The NCAA has decided on the punishments for Penn State University from the Jerry Sandusky child abuse scandal and they certainly are unique. In a week where Joe Paterno lost his statue and was basically disgraced, the NCAA wasted no time in handing down penalties that include a four year bowl ban, a loss of 10 scholarships per year for four years, with 10 coming in the first year, vacated wins from 1998 to 2011, five years probation, and a gigantic fine of 60 million dollars.
Although the NCAA did not hit Penn State with the death penalty, these penalties are still pretty harsh. In fact, this almost will have the same effect as the death penalty. These won’t kill football but they certainly cripple it. They could have been worse, but this grouping of punishments should have the desired effect. Not only did the football program get punished, the school also faces some repercussions for its failure in doing anything about Sandusky.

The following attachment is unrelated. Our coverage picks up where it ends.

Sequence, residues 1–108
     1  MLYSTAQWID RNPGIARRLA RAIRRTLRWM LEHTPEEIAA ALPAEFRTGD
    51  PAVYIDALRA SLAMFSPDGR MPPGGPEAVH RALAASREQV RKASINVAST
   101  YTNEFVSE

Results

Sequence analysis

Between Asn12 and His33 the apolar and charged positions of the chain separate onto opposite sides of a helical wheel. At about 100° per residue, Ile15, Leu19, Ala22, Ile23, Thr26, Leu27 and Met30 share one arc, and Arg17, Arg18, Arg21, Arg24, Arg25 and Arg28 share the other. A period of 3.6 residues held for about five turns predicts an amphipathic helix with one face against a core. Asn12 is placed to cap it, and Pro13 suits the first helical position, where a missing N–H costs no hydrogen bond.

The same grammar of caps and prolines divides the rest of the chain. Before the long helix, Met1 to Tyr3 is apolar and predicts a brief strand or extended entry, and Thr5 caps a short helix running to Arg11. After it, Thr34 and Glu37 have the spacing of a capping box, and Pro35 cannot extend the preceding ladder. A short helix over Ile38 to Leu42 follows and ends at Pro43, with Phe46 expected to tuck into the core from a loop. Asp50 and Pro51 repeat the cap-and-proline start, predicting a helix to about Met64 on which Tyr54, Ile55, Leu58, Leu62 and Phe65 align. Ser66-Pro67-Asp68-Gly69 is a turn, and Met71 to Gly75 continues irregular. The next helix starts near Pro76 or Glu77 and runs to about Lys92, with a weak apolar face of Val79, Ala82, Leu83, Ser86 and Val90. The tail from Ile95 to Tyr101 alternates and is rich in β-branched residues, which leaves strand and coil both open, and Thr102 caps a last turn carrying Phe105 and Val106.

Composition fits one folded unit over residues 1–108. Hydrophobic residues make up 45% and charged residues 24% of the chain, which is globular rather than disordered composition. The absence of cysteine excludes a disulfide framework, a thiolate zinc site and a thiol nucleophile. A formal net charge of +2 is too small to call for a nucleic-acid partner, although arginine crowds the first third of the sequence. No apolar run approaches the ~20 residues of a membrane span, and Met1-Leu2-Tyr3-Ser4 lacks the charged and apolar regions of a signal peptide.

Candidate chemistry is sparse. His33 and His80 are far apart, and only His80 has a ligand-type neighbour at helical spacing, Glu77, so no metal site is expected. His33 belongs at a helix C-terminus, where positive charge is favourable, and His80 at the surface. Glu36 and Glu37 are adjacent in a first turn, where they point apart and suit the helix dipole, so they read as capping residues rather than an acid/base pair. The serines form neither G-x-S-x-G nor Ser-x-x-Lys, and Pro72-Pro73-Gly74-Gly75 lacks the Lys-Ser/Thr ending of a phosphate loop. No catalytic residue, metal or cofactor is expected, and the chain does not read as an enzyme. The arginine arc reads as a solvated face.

There will be people that claim the penalties are harming Penn State and State College too much, but something had to have been done. Although it may not be seen as something for the NCAA to get involved in, they saw something that made them get involved. Times like this tend to call for drastic measures and Penn State was hit hard. 65 scholarships per year basically decimates the football program for the next four seasons.
This will certainly have a negative effect on the football programs for the coming years. Players will be allowed to transfer immediately and other coaches are just waiting to pounce on some of PSU’s best players. Don’t expect Penn State to be a contender in football for at least five years or so. That may be harsh but it is necessary after what happened at the school for so long.
The NCAA get a lot of flack for doing stupid stuff from time to time but this makes sense. It doesn’t totally wipe the football program off the map, but it certainly impacts the program in a way that they will never forget.